Have We Forgotten 9/11?
In a column earlier this year, I apparently offended a few people when I offered the following observation. “For too many Americans the emotional memory of the horror and outrage of 9/11 has faded.” On the eighth anniversary of September 11, 2001, it seems an appropriate time to address the matter of how we remember 9/11.
On that bright, clear September Tuesday morning eight years ago, everything seemed quite ordinary. The familiar jocular voices of WEEI’s Dennis & Callahan were on the radio at my house, providing background noise in their usual fashion. Then I detected a change in their voices. The usual morning radio wisecracks were replaced by an urgent but somber tone. I listened more attentively. A plane had crashed into the World Trade Center in New York City.
Early speculation that it was a horrible aviation accident quickly gave way to the knowledge that fanatical Muslim extremists had in a coordinated attack hijacked and flown large commercial airliners into both towers of the World Trade Center. A third hijacked plane hit the Pentagon and a fourth crashed in rural Pennsylvania following a struggle between passengers and the hijackers for control of the plane.
I turned on the television and saw the gaping hole in one of the World Trade Center towers. Along with millions of others, I watched in horror as both towers collapsed to the ground.
Air traffic was grounded for days. We hardly notice the default background noise of planes in our everyday lives, but we all noticed the silence in the skies after 9/11, pierced only occasionally by the distinctly different engine sound of a patrolling military aircraft.
For more than a week, it was 24-hour wall-to-wall coverage of the attacks on television. The baseball season was suspended. Americans were united in their outrage. American flags appeared everywhere. It seemed like every car had a flag flying from its antenna.
No one wondered what we had done to deserve this. Everyone believed that another major attack was not a matter of “if” but “when?”
In the ensuing weeks and months, things slowly, cautiously assumed a more normal air, but no one thought we could ever go back to the way it was before 9/11. As network TV entertainment shows slowly returned, we wondered if we would ever laugh again. When Saturday Night Live finally returned to the air, New York Mayor Rudy Giulani appeared alongside producer Lorne Michaels.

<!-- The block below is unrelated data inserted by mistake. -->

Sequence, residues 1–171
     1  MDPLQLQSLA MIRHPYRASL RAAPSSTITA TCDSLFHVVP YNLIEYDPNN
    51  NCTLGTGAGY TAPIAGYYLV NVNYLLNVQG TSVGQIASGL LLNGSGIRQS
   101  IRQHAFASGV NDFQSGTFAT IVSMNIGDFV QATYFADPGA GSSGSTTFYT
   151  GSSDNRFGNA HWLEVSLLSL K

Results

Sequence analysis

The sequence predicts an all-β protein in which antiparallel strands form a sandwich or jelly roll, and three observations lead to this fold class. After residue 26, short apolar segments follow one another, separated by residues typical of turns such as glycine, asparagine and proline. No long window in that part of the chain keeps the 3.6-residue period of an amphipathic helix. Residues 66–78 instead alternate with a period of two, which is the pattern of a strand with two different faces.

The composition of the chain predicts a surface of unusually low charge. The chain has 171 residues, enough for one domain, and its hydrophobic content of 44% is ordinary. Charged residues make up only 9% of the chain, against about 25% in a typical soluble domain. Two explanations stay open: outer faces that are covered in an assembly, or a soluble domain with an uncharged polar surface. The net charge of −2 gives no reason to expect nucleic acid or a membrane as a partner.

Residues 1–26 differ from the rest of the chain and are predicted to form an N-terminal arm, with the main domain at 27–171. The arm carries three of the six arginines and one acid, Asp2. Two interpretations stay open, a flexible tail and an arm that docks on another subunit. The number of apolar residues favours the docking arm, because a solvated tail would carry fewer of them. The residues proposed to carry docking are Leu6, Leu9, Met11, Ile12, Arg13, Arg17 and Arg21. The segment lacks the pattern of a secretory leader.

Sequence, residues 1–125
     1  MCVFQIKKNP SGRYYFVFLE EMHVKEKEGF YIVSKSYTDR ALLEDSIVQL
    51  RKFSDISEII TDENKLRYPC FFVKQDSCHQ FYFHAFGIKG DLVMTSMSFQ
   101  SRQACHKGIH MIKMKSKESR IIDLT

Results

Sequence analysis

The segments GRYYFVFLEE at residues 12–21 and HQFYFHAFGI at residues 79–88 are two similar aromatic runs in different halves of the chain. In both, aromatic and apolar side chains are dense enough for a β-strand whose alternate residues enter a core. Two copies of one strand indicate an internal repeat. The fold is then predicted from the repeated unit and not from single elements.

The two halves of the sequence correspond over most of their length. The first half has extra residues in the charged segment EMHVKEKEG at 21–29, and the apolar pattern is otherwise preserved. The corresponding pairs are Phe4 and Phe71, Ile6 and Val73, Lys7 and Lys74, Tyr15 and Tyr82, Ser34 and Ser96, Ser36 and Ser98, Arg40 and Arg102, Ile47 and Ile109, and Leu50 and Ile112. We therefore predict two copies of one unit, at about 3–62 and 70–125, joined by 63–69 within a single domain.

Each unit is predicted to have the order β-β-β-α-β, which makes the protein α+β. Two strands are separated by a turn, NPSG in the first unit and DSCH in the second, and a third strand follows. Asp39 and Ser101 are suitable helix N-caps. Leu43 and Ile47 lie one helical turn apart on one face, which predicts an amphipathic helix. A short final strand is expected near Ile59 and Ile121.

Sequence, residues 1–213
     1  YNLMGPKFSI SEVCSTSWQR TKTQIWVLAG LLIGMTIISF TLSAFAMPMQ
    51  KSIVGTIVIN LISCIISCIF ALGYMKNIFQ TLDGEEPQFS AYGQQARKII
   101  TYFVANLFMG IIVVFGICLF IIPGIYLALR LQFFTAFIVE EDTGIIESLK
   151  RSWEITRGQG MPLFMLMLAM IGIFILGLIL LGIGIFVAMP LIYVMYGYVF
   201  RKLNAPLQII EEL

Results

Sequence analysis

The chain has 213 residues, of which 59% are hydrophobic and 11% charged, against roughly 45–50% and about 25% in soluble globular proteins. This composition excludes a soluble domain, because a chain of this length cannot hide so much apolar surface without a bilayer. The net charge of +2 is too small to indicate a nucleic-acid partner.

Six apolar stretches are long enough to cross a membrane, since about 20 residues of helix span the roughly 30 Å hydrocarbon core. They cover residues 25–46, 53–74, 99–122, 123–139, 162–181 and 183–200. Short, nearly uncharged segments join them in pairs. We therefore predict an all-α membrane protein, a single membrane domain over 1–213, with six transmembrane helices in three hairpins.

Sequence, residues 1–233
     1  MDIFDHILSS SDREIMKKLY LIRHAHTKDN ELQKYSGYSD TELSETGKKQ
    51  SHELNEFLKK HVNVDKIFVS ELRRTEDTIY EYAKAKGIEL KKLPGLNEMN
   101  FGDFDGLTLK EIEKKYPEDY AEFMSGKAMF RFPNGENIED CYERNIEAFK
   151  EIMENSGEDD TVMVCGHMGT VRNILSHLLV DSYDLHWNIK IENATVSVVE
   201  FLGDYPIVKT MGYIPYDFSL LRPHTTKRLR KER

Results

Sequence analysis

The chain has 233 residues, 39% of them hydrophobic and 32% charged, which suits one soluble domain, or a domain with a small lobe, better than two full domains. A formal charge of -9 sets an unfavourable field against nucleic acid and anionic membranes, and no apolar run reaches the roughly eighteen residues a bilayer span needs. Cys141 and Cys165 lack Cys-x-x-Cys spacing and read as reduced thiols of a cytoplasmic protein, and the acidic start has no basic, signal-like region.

“Is it ok to be funny?” Michaels asked Giuliani.
“Why start now?” Giuliani quipped, letting New York and the nation know that it could at last begin to peak out from beneath its solemn veil.
But for months air travel remained down, as people were afraid to fly. Stricter airport security remains in effect to this day. For months after 9/11, many thought twice before entering a skyscraper.
It’s important that we recall not just the cold events of 9/11, but that we also remember how we felt that day. Yet there are signs that some have forgotten what 9/11 felt like.
Some people seem more offended by the actions of those who tried to keep us safe in the wake of 9/11 than they are by the original attacks.
The current administration in Washington has abandoned the term “War on Terror,” and replaced it with the more innocuous “overseas contingency operation.” The Obama administration even eschews the word “terrorist.”
The administration’s move to make September 11 “A Day of Service” serves only to diminish and dilute the true significance of the day. They seem to want to downplay 9/11 as if it were no big deal.
President Obama appointed a 9/11 denier as his adviser on “Green Jobs.” Van Jones was recently forced to resign after it was exposed that he signed a vicious “9/11 Truth” petition suggesting that the US government and the Bush Administration played a role in the 9/11 attacks. But for this discovery about Jones’s background, this 9/11 denier would still be a welcome member of the Obama Administration, advising the President of the United States.
No one is saying that Americans should wear their outrage on their sleeve forever. It’s true that it would be unhealthy to maintain that initial level of anger and indignation long term. But we should resist all these efforts to erase the emotional memory of 9/11 and its accompanying outrage from the national psyche altogether.
Despite the efforts of some, we can’t just pretend 9/11 never happened. And we should never forget how we felt on that day.
[This column appeared in the September 11, 2009, Wakefield Daily Item.]
(Col. Ralph Peters said it much better than I could in his column, Betraying Our Dead.)
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